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Home > To See or Not To See > TO SEE OR NOT TO SEE: “An Iliad”

TO SEE OR NOT TO SEE: “An Iliad”

March 8th, 2012

Get caught up with what’s on stage with our review round-up. And that vaguely hollow, clinking sound you hear at the end of each segment? That’s me tossing in my two cents. This month, it’s all Greek to me…

Denis O'Hare in "An Iliad". Photo by Joan Marcus.

AN ILIAD

Acclaimed actors Denis O’Hare (Take Me Out, True Blood) and Stephen Spinella (Angels in America) alternate in a one-man retelling of Homer’s epic tale of Gods, mortals and violence in ancient Troy.

“The strength of An Iliad resides in the combination of a naturally exciting narrative and the engaged, virtuosic performances of both Mr. O’Hare and Mr. Spinella.” New York Times

“No matter who’s at the helm, the show is too formless, and is as well-meaning as it is heavy-handed…” New York Post

“An Iliad is pure theater: shocking, glorious, primal and deeply satisfying.” Time Out New York

An Iliad is more than a perfect night out at the theater for classics majors, of course. It’s a showcase for the acting skills of two accomplished stage veterans.” Entertainment Weekly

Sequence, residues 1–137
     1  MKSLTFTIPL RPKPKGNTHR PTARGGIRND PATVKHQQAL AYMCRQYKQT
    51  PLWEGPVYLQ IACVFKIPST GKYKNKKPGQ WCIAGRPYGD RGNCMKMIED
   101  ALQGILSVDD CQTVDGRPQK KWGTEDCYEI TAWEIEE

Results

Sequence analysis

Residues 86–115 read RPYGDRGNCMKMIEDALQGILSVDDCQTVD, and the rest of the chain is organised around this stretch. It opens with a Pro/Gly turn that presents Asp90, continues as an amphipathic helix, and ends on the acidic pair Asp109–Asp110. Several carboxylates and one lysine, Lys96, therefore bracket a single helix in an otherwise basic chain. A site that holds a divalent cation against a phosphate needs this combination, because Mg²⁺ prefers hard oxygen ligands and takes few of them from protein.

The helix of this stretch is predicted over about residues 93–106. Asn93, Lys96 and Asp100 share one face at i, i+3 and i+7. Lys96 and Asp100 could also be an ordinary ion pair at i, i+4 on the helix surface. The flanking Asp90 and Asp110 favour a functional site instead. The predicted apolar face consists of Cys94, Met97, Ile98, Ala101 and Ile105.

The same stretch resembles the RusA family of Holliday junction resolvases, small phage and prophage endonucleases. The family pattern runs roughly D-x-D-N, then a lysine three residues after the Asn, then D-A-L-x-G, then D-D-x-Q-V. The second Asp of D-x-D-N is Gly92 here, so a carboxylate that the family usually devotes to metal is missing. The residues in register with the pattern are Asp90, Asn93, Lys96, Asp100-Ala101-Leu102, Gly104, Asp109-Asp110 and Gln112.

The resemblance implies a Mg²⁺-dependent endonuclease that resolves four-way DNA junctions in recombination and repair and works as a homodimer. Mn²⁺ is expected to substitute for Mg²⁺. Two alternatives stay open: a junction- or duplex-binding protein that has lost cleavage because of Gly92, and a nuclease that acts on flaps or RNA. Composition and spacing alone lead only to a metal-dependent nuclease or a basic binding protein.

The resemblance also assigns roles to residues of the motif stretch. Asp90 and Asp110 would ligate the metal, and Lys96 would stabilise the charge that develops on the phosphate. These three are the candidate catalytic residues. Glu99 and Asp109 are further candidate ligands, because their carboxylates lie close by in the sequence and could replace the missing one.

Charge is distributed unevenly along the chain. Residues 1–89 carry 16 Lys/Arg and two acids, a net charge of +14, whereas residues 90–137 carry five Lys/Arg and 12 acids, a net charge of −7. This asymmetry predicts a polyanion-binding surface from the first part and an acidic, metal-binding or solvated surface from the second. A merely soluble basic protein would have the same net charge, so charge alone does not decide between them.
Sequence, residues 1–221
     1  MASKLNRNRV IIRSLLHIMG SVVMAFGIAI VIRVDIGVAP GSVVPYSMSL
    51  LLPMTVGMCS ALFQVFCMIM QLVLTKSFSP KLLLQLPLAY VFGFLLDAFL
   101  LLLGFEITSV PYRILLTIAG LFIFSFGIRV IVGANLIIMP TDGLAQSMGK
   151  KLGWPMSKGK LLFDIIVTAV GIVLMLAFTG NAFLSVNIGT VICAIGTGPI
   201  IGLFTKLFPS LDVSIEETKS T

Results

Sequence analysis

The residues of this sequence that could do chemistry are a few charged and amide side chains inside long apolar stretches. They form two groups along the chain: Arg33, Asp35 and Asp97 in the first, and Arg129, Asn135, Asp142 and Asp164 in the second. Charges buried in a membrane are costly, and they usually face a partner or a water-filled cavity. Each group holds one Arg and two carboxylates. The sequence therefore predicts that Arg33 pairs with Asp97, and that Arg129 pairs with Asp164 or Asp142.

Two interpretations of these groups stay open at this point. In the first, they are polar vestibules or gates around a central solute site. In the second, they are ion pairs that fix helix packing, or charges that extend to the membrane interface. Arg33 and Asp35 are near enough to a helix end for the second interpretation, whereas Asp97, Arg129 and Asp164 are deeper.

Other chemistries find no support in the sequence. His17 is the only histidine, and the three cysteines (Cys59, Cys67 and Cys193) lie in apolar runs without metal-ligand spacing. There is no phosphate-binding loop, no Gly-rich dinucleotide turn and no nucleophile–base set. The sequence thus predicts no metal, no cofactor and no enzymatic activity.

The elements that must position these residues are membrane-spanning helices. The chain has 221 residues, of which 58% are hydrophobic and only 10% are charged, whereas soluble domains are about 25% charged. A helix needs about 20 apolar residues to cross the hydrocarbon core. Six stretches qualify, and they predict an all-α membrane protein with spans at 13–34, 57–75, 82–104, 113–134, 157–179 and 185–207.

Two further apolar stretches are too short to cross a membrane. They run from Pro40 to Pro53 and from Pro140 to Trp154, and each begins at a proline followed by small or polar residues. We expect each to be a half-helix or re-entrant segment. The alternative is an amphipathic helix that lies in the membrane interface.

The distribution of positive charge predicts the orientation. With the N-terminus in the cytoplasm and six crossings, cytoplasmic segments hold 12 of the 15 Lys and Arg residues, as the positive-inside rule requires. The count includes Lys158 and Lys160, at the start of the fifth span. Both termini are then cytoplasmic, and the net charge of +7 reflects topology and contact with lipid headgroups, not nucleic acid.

Brian Ellingsen in "An Iliad". Photo by Joan Marcus.

Mizer’s Two Cents: The film Troy needed $175,000,000 and Brad Pitt in a short skirt to keep audiences interested in the Trojan War. Denis O’Hare does it–and does it better–with a bare stage, his expressive voice and a passionate commitment to storytelling as something vital and powerful. Co-authored by O’Hare and director Lisa Peterson, the conceit of the piece is both modernizing and deeply moving: a roving poet, as old but as timeless as the story he will tell, is compelled to spin the tales of Troy for a modern audience even though he wishes mankind might have learned its lessons by now. He searches for the right current analogies; he falls into intoning the original Greek; he searches for guidance from the musician accompanying him (quite evocatively) from the cat walk above; he embodies goddesses and soldiers with subtle shifts of body and tone; he leans into a bottle of booze, all as the hot, full-blooded allure of violence once more takes hold of him–and us. Beyond any “message”, though, An Iliad is 100 minutes of ripping good theater.

[I haven’t had the chance to go back and see the always-empathetic Spinella but I’m definitely curious. An acquaintance affiliated with the production says that the show is fascinatingly different, even staging and music cues are changed, in his take.]

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